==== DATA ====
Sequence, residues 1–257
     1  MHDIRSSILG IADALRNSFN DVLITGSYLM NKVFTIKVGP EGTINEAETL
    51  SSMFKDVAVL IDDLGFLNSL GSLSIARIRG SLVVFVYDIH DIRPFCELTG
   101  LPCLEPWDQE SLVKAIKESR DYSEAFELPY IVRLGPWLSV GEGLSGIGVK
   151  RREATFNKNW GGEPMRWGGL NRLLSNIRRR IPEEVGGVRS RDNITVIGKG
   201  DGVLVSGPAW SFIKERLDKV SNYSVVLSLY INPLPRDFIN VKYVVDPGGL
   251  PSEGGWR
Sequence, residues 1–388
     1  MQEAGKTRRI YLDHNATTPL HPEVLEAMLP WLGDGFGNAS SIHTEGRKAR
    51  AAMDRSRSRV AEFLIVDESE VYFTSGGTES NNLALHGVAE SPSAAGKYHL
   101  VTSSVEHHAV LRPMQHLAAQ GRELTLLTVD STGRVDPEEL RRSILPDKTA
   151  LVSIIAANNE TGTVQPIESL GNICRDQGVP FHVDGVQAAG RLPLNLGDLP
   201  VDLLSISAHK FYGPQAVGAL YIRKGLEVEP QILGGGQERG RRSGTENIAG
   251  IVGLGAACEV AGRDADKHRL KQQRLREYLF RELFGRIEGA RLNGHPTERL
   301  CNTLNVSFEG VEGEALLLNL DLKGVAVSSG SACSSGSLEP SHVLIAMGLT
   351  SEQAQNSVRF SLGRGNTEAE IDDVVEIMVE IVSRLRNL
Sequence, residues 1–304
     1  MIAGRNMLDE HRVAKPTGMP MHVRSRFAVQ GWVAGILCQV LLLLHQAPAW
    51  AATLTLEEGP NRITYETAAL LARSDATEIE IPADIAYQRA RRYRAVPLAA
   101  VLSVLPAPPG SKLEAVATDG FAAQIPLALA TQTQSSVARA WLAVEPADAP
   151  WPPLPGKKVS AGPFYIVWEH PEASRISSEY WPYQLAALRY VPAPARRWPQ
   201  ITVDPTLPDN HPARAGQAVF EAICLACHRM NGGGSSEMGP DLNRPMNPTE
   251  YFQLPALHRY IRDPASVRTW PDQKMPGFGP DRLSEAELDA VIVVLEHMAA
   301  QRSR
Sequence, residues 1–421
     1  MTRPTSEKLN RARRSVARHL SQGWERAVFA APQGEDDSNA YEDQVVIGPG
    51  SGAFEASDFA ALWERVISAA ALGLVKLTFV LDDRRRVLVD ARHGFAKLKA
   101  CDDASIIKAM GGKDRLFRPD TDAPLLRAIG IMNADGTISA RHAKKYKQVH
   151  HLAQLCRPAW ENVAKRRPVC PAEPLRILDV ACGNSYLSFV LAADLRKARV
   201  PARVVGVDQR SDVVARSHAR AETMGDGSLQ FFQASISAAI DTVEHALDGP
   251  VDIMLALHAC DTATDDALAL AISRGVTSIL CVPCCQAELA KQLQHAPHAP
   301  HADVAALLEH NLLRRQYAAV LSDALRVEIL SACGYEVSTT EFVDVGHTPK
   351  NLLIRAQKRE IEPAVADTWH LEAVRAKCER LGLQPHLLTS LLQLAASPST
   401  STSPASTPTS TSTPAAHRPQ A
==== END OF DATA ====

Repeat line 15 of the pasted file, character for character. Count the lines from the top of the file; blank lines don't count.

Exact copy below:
   301  CNTLNVSFEG VEGEALLLNL DLKGVAVSSG SACSSGSLEP SHVLIAMGLT